This ETF Hacks Into Cyber-Security Spending

The battle against hackers just got real.

After high-profile cyber-attacks and breaches that stretch from Sony Pictures Entertainment to JPMorgan Chase & Co. to Jennifer Lawrence, everyone is thinking about cyber-security. Even before the debacle with Sony, investing in cyber-security was projected to jump 40 percent to $42 billion by 2017, according to Bloomberg Intelligence. And yes, there’s now an exchange-traded fund to play it.

The Purefunds ISE Cyber Security ETF (HACK ), out for less than a month, is already one of the most successful launches of 2014. It has returned 5.3 percent in its first three weeks, compared to 1.3 percent for the S&P 500 Index. HACK's $65 million in assets puts it in the top 15 percent of the 196 new launches. That's especially noteworthy because the ETF comes from a tiny, relatively unknown issuer without a ton of marketing power.

HACK tracks 26 companies involved in providing cyber-security software, hardware and services. About 85 percent of the stocks are based in the U.S. About half of the portfolio's stocks are small-cap companies, so investors can expect about double the volatility of the S&P 500.

The top holding: Vasco Data Security International, Inc. (VDSI ), which provides network and data verification services to financial institutions. The stock is up 253 percent this year. Another big holding is Palo Alto Networks, Inc. (PANW ). Its business is providing firewalls that identify and control applications, and that scan content to stop threats and prevent data leakage. PANW is up 115 percent so far this year.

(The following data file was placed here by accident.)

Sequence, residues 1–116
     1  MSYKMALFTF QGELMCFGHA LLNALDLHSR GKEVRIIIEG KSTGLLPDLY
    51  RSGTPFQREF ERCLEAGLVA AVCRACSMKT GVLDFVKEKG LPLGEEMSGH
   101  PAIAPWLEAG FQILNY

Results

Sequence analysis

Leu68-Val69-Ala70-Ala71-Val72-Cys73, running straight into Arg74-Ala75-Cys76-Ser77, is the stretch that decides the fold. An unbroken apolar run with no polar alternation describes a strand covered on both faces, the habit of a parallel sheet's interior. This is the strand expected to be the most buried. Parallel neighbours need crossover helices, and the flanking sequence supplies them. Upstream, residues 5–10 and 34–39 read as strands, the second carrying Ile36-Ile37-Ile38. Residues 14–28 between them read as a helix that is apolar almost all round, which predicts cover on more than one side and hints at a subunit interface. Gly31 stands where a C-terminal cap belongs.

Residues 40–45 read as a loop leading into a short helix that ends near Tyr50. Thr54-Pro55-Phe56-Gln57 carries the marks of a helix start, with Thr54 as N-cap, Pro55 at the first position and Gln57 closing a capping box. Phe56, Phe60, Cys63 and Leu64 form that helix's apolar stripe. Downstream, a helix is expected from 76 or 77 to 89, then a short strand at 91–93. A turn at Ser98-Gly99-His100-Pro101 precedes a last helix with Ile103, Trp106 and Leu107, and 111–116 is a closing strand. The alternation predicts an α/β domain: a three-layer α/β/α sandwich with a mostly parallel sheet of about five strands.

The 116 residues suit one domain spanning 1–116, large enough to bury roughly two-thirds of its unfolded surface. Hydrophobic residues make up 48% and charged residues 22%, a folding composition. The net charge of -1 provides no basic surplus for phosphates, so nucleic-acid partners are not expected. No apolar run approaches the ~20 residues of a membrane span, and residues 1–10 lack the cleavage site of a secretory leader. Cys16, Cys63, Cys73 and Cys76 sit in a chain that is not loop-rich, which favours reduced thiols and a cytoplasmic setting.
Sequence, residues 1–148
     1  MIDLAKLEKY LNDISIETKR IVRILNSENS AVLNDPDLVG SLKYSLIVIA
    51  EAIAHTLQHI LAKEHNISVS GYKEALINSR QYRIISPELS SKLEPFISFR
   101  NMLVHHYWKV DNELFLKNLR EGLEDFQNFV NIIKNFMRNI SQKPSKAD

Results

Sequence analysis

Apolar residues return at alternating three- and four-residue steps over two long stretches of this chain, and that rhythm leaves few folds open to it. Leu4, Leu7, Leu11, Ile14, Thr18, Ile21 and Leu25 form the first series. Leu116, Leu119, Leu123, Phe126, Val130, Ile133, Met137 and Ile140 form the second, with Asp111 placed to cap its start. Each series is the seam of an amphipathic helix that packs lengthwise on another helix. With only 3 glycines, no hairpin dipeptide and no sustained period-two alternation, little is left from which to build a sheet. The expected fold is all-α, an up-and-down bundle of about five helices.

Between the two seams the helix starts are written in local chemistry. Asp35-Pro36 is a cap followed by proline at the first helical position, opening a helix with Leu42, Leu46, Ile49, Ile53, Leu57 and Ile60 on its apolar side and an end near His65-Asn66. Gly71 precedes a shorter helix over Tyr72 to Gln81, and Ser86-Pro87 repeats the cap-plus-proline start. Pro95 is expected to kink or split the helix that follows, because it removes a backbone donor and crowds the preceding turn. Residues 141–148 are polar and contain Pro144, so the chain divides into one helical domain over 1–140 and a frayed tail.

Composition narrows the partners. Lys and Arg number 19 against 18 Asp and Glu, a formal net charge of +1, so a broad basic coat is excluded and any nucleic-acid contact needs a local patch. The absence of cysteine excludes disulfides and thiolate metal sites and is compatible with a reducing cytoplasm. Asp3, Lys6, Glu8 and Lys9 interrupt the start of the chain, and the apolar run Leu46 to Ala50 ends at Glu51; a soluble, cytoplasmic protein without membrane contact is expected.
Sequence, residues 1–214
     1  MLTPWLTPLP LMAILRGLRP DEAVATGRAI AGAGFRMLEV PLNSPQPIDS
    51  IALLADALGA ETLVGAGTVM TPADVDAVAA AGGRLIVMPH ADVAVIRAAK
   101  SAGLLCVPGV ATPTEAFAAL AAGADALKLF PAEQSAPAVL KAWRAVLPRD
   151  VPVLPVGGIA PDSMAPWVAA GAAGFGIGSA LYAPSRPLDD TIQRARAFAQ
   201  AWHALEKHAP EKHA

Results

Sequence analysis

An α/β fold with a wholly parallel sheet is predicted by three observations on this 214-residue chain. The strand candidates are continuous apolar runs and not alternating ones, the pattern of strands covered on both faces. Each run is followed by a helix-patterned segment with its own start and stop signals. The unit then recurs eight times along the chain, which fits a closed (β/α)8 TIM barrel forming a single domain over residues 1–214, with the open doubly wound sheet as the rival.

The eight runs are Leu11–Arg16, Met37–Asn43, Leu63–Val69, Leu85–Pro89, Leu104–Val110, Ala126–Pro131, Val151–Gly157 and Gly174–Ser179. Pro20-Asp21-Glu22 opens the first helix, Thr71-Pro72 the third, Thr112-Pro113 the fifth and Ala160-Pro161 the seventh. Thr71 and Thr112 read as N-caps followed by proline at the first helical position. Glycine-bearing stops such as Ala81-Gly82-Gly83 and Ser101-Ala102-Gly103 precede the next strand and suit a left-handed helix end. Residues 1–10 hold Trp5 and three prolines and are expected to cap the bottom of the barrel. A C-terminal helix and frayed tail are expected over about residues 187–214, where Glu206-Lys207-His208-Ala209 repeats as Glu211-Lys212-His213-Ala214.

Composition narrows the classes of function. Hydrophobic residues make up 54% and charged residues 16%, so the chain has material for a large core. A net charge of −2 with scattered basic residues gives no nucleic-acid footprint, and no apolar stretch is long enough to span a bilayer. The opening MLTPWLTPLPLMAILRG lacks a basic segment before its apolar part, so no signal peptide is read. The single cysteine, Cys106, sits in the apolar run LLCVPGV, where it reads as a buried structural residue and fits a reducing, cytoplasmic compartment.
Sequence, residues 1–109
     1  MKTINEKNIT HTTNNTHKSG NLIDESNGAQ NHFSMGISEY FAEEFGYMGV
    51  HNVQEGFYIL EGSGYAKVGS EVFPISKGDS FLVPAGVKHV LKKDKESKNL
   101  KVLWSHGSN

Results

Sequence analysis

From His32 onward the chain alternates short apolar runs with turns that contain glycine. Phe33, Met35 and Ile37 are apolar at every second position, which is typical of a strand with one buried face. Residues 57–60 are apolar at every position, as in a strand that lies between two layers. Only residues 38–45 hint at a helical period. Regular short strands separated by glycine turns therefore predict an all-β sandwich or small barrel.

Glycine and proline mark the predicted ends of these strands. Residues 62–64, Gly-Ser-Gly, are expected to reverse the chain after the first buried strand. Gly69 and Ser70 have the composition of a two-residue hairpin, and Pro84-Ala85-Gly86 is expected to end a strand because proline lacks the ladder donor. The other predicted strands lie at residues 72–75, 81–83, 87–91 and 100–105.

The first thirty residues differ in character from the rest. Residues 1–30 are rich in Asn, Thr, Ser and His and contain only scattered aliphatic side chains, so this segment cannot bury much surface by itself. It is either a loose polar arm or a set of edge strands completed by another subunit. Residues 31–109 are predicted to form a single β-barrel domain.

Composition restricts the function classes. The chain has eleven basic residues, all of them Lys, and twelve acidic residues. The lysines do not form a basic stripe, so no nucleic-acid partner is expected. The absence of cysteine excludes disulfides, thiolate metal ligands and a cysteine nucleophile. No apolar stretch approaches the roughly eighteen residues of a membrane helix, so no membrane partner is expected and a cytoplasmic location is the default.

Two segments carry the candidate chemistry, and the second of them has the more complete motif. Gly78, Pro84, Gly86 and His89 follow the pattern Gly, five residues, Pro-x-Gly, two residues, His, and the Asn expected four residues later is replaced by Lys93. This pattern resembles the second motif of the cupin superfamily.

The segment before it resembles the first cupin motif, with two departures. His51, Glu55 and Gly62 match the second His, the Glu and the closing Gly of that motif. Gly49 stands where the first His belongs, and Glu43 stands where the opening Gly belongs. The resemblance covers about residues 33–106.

When using niche products like HACK it's important to check if the portfolio companies are already available in bigger, more mainstream ETFs. HACK has only a four percent overlap with the Technology Select Sector SPDR Fund (XLK ), the world’s most-owned tech ETF. Almost all that overlap comes from Cisco Systems Inc. (CSCO ). It has less than a one percent overlap with S&P 500 Index.

In short, most investors don’t have any exposure to this fledgling industry. While HACK (expense ratio: 0.75 percent) has already had a nice run, it provides targeted exposure to a hot industry for those who can handle the volatility.

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Eric Balchunas is an exchange-traded-fund analyst at Bloomberg. More ETF data is available here; weekly ETF podcasts can be found here.